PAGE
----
Hometown boy opens brewery in Woodinville

  • Written by Deborah Stone
Twelve Bar Brews 003 (2)
Photo by Deborah Stone Kirk Hilse likes the challenges of making beer and recently opened Twelve Bar Brews in Woodinville.
Kirk Hilse discovered microbrews in the early ’90s when they became all the rage in the Seattle area.

A recent UW grad, he would frequent the Latona Pub on Brewers’ Nights when local brewers would bring in their ales for customers to sample. Meeting the brewers inspired Hilse to attempt to make some beer on his own.

“One of my roommates and I put together a 10-gallon brewing system using old, beat-up kegs as cookers,” says Hilse. “The first batch we made tasted a bit weird, but it was good enough to drink. We began experimenting with brewing different kinds of beer and eventually, I built a nicer brew system that was much more effective. It became a really fun hobby.”

Over the years, Hilse honed his brewing skills and he often told his friends that if he ever decided to quit his day job, he’d consider becoming a professional brewer. “I saw it as a possible midlife contingency plan,” he comments. “I joked about it, but I was actually half-serious about someday opening my own microbrew business.”

In the interim, Hilse worked as a senior software engineer for a manufacturer of music recording equipment and then as an engineer at Microsoft.

Science has always been the local man’s strong suit and he refers to himself as a “mad scientist,” who enjoys the lab-like environment that brewing creates. “I’m fascinated by the processes,” he adds. “Making beer is a simple process, but it takes years to master. I like the challenges, and the final product makes me proud.”

It was after Hilse experienced a major career burnout that he turned to brewing in earnest and decided to open a brewery and small tasting room. In searching for a location for his business, there were basically two areas that attracted him: Georgetown and Woodinville.

Both were affordable in terms of commercial square footage, but with so many of his brewing friends in Georgetown, Hilse opted for Woodinville in order to minimize the competition.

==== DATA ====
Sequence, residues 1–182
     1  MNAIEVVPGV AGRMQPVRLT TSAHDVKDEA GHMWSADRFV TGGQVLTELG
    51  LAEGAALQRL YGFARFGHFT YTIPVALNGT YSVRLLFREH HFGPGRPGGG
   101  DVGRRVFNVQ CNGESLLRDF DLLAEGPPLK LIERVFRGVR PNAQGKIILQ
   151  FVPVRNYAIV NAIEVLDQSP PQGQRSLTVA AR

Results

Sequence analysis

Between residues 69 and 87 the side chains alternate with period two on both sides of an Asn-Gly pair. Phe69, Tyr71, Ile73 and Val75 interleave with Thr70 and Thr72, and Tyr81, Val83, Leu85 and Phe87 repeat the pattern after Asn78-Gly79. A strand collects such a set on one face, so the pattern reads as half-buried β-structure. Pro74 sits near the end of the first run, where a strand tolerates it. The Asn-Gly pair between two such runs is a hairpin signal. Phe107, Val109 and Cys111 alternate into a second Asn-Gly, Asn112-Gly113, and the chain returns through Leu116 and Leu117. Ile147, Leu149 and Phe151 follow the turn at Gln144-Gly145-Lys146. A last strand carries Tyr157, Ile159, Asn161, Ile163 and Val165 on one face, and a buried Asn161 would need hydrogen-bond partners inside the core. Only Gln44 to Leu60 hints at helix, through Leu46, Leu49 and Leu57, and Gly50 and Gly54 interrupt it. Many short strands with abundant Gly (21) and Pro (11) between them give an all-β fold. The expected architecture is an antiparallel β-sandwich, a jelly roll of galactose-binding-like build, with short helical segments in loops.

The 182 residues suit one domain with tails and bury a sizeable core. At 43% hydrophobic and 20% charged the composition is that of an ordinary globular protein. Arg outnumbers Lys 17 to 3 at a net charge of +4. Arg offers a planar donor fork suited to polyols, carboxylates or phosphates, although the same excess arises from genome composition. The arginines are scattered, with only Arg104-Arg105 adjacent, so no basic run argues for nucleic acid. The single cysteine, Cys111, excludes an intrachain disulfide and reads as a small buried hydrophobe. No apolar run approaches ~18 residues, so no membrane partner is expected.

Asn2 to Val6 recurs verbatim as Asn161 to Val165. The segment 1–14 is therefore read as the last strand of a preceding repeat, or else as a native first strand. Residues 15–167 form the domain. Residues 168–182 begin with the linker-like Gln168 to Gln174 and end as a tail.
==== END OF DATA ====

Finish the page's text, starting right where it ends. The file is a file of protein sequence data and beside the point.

Another compelling reason for his choice was familiarity with the area.

“I graduated from Woodinville High School back in ’86,” he explains. “I’m a hometown boy and this is home turf for me.”

The dream became reality for Hilse on November 1 when he opened the doors to Twelve Bar Brews. Located next to Haight Carpet and around the corner from McLendon Hardware, the brewery and tasting room has already created a buzz in the community. In a few short months, Hilse’s beers can be found in more than a dozen restaurants and bars on the Eastside and in Seattle. Currently, he makes three ales: India Pale Ale, India Black Ale and a five-grain Pale Ale.

“The India Pale Ale or IPA is malted towards the dry side, making it highly drinkable rather than malty and hard to get through,” notes Hilse. “It is quite pale in color and has a slightly toasted malt character. Five different hops are used during the brewing and dry-hopping for this IPA, giving it a moderately complex aroma with strong citrus and floral notes and a hint of pine.”

Hilse describes the India Black Ale as strong, with a relatively dry feel. It has hints of coffee, although there isn’t any coffee in the beer.

Pale Ale, the newest of the trio, is a made with rye, oats, two kinds of barley and wheat.

“It has a lot of flavor and it’s awesome in summer,” comments Hilse. “But, it’s actually selling well now.”

A fourth beer, Imperial Red, will be available in time for Valentine’s Day. Hilse says this one will be less bitter, but still retain a strong hops flavor. “It’s a maltier beer,” he adds, “and it’s the least dry of all the beers we make.”

Hilse emphasizes that his beers are clean and dry and serve as a platform for the hops, which he always likes to showcase. He feels their popularity is due to the fact that they’re very drinkable. Twelve Bar Brews produces 15 barrels of beer on an average of once a week. Hilse expects this number to increase when he gets more fermenters. The local man is delighted with the response to his product and notes that his business is growing by three times the rate he had projected in his initial plan.

“It’s exciting, but it’s kind of crazy,” he says. “Right now, it’s a two-man business, so we’re stretched pretty thin. We’re just focusing on getting our beers out around town and on tap locally.”

Down the line, Hilse would love to open a brew pub in Woodinville, but with the economy being the way it is currently, he knows that won’t happen for some time. Meanwhile, he’s quite content with his midlife career change.

For information: (425)482-1188 or

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